In our file drawer, I cleaned out all of the bills and statements over a year old and dumped them in the shred/burn pile and re-arranged everything into a few big labeled sections. I have folders for each year of our taxes. Then a section for everything related to our house (loan, refinance, account numbers for utilities). Then a folder for our latest home and auto insurance policies - they will get shredded each time a new renewal shows up in the mail.Then comes a section for important receipts (fridge, washer/dryer and other large purchases) and a big folder for user manuals. Then one copy of a statement for each of our bank and credit card accounts, just for reference. Then I have legal sized paperwork from our house purchase sitting off to the side. And that's it. I hope to keep the amount of paper that we store pared down to no more than this.

I also set up a paper action station on our kitchen counter, since that is the first place we dump the mail when it comes in the house.

It is now the home for pens and pencils, gift cards and post-it notes and has sorting sections for bills to pay, outgoing mail, paper to file, and then paper that needs to stay out and visible (mostly coupons and our 2012 tax folder so we can add to it as tax statements and W-2s trickle in). Junk mail will go straight into our newspaper recycling box by our fireplace (for non personally identifying junk) or directly into the fireplace to be kindling for the next fire (for credit offers and such).

Incidentally, here is the gigantic pile of paper that needs to be shredded or burned. This doesn't even include the huge bag of envelopes and paper that could just go straight into the recycling bin. I think it will make good kindling for the next time we have a fire in the fireplace...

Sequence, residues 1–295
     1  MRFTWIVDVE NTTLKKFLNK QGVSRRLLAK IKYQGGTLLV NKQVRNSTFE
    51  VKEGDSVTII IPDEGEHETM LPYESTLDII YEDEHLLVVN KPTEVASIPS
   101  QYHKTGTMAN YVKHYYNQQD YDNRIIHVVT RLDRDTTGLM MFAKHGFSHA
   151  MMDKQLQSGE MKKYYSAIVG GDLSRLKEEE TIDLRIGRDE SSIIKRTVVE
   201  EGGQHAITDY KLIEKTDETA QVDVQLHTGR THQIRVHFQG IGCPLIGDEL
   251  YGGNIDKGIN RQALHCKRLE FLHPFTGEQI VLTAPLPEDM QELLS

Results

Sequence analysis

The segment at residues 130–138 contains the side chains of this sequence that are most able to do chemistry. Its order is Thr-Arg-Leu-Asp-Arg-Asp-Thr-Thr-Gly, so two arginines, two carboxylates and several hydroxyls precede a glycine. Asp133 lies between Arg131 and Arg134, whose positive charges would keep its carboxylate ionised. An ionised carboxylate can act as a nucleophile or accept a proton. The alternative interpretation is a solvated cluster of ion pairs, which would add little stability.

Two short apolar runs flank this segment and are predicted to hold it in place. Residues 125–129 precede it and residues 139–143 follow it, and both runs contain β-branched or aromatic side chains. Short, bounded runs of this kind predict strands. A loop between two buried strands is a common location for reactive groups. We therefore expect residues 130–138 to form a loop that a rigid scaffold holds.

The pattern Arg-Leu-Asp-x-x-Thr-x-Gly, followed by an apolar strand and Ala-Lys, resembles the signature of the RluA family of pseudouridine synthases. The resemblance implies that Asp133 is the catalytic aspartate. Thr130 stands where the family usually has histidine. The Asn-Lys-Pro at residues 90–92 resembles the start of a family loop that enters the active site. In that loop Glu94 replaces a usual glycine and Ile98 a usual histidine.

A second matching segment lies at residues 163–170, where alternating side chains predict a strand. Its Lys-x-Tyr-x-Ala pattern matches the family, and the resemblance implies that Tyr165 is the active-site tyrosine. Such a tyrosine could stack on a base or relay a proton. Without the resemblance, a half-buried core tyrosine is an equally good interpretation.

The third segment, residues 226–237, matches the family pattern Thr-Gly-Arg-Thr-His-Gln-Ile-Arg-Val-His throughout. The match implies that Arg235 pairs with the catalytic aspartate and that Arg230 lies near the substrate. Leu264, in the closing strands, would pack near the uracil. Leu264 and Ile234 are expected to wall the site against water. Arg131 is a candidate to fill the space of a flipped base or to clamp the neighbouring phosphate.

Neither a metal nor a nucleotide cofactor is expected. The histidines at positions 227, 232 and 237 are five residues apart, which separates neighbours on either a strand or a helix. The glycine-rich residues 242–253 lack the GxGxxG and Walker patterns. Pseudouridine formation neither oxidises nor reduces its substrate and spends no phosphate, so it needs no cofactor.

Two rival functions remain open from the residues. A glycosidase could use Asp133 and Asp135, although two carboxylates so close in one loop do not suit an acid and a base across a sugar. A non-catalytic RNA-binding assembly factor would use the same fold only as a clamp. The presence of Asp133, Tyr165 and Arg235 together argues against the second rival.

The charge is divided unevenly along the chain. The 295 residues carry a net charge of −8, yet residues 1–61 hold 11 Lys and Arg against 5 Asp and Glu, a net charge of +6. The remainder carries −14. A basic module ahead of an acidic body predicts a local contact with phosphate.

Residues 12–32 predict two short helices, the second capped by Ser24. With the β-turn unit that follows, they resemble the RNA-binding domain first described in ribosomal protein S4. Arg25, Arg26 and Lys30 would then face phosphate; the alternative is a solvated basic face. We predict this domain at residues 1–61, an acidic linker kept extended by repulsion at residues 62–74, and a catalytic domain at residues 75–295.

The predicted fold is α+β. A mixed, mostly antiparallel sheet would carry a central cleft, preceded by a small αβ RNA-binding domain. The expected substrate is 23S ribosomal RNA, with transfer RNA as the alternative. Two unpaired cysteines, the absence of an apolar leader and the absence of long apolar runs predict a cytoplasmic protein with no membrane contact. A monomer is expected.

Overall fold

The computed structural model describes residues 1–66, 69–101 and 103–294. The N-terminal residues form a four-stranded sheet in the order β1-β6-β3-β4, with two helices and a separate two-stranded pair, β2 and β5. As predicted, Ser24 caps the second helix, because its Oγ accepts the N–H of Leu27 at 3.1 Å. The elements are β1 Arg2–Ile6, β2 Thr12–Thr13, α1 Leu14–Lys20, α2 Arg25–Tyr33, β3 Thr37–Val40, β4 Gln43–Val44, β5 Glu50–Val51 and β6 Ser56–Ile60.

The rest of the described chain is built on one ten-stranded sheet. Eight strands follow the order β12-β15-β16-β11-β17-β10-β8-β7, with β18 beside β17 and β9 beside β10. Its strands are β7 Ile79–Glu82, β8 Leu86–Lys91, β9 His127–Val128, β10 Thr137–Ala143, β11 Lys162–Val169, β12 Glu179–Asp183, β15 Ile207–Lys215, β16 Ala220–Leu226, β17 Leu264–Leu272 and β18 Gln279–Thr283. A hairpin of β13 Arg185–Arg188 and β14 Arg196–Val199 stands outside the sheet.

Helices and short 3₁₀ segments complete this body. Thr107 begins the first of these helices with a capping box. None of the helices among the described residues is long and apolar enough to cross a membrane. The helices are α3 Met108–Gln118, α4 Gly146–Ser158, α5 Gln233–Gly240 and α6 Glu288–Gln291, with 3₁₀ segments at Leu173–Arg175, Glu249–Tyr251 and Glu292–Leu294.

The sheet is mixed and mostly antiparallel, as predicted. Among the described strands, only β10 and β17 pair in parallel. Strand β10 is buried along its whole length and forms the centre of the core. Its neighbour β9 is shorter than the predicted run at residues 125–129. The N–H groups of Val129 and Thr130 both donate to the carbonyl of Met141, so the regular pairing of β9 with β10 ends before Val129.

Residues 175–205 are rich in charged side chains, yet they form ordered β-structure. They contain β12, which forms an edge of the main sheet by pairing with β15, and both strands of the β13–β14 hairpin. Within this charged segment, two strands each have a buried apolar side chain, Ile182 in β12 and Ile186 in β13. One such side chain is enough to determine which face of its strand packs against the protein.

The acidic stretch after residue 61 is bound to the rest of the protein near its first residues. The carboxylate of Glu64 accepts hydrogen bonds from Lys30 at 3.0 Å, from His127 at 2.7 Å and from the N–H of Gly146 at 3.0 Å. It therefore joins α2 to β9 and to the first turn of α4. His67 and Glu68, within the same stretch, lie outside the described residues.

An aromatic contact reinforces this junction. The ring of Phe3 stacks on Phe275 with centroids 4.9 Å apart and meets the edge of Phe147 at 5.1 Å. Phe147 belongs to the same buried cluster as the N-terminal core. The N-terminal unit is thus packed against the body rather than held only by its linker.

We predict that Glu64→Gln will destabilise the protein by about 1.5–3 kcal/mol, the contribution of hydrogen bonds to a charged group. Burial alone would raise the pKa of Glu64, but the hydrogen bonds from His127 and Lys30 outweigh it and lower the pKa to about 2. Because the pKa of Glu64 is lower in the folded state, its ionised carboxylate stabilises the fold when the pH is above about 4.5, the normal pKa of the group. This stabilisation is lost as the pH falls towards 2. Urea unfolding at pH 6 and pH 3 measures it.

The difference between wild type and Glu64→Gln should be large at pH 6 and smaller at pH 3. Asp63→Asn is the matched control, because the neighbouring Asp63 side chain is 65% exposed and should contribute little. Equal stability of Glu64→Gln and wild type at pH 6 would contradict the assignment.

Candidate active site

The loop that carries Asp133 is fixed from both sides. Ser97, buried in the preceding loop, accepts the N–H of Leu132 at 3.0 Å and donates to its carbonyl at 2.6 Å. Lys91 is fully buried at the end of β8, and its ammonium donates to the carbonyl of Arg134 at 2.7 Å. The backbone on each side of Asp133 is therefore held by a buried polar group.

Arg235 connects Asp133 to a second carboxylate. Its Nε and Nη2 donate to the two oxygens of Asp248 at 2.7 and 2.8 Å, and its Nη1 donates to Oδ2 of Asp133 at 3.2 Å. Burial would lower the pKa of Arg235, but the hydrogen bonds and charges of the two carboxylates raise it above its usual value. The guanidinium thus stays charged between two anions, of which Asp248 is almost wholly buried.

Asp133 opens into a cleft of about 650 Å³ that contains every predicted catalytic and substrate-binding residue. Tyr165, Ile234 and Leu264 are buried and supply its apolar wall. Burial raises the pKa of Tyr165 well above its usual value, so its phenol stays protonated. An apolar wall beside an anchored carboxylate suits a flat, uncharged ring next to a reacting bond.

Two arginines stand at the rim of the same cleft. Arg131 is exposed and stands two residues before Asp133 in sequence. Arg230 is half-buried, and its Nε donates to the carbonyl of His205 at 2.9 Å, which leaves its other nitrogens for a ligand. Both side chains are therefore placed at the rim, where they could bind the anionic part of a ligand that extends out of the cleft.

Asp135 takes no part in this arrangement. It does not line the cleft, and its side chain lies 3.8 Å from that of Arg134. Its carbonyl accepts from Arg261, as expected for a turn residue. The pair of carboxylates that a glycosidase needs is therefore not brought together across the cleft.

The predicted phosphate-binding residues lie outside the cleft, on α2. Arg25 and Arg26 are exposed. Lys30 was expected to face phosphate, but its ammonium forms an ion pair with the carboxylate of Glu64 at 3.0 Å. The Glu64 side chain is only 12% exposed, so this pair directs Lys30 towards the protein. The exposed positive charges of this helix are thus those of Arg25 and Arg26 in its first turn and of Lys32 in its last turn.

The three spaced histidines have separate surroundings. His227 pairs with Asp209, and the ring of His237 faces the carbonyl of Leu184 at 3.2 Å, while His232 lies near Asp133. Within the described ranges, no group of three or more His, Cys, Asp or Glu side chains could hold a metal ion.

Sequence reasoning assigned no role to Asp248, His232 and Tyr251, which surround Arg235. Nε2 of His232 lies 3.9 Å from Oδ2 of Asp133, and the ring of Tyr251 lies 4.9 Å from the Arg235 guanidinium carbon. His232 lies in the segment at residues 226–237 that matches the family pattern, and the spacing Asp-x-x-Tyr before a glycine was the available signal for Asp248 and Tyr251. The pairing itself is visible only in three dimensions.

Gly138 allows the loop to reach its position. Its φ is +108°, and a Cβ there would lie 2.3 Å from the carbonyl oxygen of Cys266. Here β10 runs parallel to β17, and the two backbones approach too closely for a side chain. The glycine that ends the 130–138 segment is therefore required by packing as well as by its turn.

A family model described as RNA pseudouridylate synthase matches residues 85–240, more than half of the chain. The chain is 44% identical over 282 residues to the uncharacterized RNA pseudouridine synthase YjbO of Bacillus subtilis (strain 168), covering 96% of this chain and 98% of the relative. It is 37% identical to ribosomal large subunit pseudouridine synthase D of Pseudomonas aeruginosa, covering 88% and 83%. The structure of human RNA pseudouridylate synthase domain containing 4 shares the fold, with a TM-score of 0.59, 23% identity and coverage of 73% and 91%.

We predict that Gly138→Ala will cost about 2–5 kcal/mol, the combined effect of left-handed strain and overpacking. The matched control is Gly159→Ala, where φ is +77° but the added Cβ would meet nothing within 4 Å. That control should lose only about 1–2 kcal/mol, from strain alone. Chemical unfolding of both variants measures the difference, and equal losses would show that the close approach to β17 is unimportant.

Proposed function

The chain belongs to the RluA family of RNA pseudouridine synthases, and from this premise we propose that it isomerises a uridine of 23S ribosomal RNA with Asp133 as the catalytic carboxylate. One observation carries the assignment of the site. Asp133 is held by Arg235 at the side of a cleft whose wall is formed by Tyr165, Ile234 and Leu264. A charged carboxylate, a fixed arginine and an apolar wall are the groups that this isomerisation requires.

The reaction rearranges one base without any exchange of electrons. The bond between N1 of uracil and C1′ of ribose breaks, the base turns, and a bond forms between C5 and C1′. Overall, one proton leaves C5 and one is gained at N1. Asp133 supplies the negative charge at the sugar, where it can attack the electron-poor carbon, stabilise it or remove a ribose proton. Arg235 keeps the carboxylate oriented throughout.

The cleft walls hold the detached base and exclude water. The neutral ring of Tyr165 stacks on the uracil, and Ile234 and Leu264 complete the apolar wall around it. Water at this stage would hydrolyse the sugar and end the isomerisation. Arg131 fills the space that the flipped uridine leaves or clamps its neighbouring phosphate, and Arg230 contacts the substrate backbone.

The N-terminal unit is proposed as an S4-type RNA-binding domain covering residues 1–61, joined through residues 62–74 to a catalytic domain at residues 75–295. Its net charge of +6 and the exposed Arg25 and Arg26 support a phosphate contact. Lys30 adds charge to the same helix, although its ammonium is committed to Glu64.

Linked up to:

Delightful Order's Monthly Organization Challenge

IHeart Organizing's Monthly Organization Challenge
IHeart Organizing

Monday, January 21, 2013

DIY Bathroom Mirror Frame for less than $20

I've mentioned before how ugly our upstairs guest bathroom was before we attacked it with paint. The previous owners had installed nice stone tile on the floors, tub surround, and vanity top and then ruined the pretty effect with bright white (I think of it as apartment white) paint on the walls and a horrible peachy orange paint on the cabinets. We could only stand that for about a month after move-in before we broke out the paint brushes and painted the walls a warm cream and the vanity a chocolate brown. That definitely made the bathroom better.

 All that was left was the enormous 3'x5' blank builder's mirror - which isn't ugly, just plain.

I found a whole bunch of links on Pinterest from bloggers who updated their plain mirrors with trim from the hardware store (check out what seems to be the most popular tutorial here) and I figured that was a fast, easy fix. 

And it was! We bought 20 feet worth of pre-primed wood composite door trim from Lowe's, my dear husband cut the angles on his shiny new miter saw (Also bought that same trip at Lowe's. New project, new tool, right? Although it's perfectly easy to do this small project with a miter box and hand saw.) Then he used our rotary tool to cut grooves in the back of the trim for the mirror's hanging brackets, so the frame would lay flat against the glass. I painted the trim with two coats of the left over chocolate brown semi-gloss paint from the cabinets, then we just glued it directly on top of the edges of the mirror with Liquid Nails adhesive for mirrors. Simple! And super easy and fast. The longest part of it was waiting for the first coat of paint to dry in our cold garage.

Here's the result:

Nice, huh? Definitely looks more polished than the previous huge blank expanse of mirror. And for only around $20!